I recently had the pleasure of getting a digital advance reading copy of The Long Way Home from Jessica Scott in exchange for a review. I’ve been following her writing career since she released Because of You, which I had bought at the time but hadn’t had a chance to read yet given the size of my TBR pile. She’s active on Facebook and I know a good number of the people she’s working with in her writing career, such as editor Sarah Frantz (whose website I host) and cover artist Shawntelle Madison (who is an active member of Romance Divas, a community of romance writers that I help administrate).
I have to say that I don’t typically read non-fiction books pretty much ever, with the exception of writing reference books or technical reference books. I never was one for the many biographies that my parents had me read while I was being home schooled, and since I’ve been on my own, I’ve never had a lack of fiction books to occupy my time. Quite the opposite; I’ve had a huge lack of time compared to the mounds of books in my long TBR pile (somewhere around 400 books at this point according to GoodReads).
With both of those disclaimers out of the way, I can say that I was absolutely riveted by this book. I started reading just a little bit, curious about it but intending to go back to the fiction book I’m currently working on after a chapter or two. Once I finished that, I was intending to go back to the ARC so that I could write the review for Jessica.
Yeah, so that didn’t happen. I read the book straight through, unable to put it down. It is at times humorous, heart-warming, and heart-breaking. Her writing is real and vivid, and paints a very candid picture that we rarely have the privilege of seeing… the chaos that is involved in the life of a soldier returning home after serving in war time. There have been many books written about soldiers serving in wars, but very few (at least, that I’ve ever heard of) about what happens after they return home. I think that the fact that she is a writer helps her memoirs immensely, as they are the exact opposite of the dry historical reads that most memoirs I have read have been.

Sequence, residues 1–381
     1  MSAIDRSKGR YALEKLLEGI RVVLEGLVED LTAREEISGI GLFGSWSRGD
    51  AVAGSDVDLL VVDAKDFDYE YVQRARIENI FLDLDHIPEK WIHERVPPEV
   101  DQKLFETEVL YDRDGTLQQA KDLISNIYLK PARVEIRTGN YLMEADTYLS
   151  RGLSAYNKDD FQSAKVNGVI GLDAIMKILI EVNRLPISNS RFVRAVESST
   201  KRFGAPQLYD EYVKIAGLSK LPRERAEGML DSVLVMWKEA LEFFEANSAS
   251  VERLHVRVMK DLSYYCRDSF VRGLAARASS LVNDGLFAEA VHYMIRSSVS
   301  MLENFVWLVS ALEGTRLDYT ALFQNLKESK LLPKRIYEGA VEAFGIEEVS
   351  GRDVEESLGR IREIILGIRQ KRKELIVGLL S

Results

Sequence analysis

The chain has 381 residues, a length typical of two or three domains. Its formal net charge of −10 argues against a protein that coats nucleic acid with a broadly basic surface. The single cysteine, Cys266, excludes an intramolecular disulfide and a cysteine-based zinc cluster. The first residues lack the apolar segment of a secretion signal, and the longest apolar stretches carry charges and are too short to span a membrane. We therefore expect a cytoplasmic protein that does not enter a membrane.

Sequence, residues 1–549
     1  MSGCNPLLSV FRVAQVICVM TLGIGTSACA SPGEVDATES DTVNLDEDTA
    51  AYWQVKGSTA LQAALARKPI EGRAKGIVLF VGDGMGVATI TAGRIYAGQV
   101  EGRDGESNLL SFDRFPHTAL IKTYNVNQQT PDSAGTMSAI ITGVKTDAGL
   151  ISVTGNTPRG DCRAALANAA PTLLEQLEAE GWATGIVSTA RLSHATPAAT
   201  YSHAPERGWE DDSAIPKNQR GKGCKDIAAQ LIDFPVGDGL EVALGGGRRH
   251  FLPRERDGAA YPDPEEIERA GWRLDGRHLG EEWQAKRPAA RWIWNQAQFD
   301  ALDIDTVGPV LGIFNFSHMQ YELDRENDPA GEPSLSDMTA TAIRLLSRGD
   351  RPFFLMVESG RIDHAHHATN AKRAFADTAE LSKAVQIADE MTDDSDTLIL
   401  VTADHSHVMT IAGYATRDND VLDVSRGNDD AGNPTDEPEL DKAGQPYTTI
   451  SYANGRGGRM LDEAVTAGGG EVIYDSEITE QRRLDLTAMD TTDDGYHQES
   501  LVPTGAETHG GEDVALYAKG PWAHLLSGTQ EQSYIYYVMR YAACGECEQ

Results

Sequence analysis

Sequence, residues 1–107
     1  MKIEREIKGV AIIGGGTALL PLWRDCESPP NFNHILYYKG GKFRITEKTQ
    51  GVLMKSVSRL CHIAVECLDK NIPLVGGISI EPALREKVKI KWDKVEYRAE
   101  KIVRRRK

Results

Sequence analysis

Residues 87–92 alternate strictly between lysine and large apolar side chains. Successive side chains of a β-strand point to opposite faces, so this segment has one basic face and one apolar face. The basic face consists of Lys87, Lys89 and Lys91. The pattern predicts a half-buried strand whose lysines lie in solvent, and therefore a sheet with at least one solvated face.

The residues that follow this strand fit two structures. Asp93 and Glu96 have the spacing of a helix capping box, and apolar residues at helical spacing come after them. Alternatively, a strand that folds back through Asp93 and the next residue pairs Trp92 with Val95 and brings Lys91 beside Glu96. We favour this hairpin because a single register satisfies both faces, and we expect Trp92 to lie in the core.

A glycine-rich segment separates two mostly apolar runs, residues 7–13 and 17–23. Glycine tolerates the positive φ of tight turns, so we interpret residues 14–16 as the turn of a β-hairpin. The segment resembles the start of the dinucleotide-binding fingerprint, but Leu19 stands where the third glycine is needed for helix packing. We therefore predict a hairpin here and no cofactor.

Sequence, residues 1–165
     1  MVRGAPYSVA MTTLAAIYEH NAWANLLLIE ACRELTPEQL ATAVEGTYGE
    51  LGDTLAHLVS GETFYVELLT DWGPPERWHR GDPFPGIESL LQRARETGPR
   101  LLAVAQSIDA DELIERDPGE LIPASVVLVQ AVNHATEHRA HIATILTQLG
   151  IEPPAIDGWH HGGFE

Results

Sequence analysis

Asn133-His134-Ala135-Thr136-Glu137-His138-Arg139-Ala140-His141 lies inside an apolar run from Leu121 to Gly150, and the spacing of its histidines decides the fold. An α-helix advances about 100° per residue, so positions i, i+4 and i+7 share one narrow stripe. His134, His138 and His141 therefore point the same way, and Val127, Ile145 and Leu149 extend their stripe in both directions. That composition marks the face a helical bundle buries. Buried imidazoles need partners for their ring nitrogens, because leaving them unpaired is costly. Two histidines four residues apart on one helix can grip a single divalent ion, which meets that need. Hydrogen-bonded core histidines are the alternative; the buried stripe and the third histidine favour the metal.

In her case, both she and her husband ended up being deployed at the same time. They had to leave their two daughters with her mother while she was deployed for a year, and a good part of the book covers how she had to pick up the pieces of the fractured relationships in their family. Once she says in one of the opening chapters that she was prepared for her daughter to tell her that her daughter didn’t love her anymore, but was completely shocked and heartbroken when her daughter told her that she didn’t believe that she loved her daughter. From that scene on, I was hooked– I had to know how things turned out, and how they got past that as a family.
You get to see her coming back to her role as a mother, and rebuilding her family in the absence of her husband. You get to see the development of her writing career and the struggles she faced along the way (including one of her major writing proposals being denied by the Army ethics committee). And you get to see her as she steps into the role of commander of Fort Hood… and juggles the other two parts of her life as well. And how she deals with the guilt of having left her children behind, even though it was a necessary sacrifice in the name of her country.
This is one of the best books that I’ve had the honor to read this year, and I can’t recommend it highly enough. This is truly one of those books that I wish I could give more than 5/5 stars.
She covers many different topics during the course of the book, including some that are political. However, she approaches each of these from the perspective of how they affect the military, not from the platform of any political party. It’s refreshing to see someone discuss political topics without having any idea what party they belong to, because they left that bias at the door before starting the discussion.
Once I finished with it and sent her some of my comments, I promptly went and read Because of You and the novella sequel Anything for You, both of which I enjoyed immensely as well. I’ve also picked up To Iraq and Back, which is her memoirs of her time serving on that Iraqi deployment, and I’m looking forward to reading it greatly. Jessica is now one of my “must-read” authors, and I recommend that others take the time to get to know her work as well.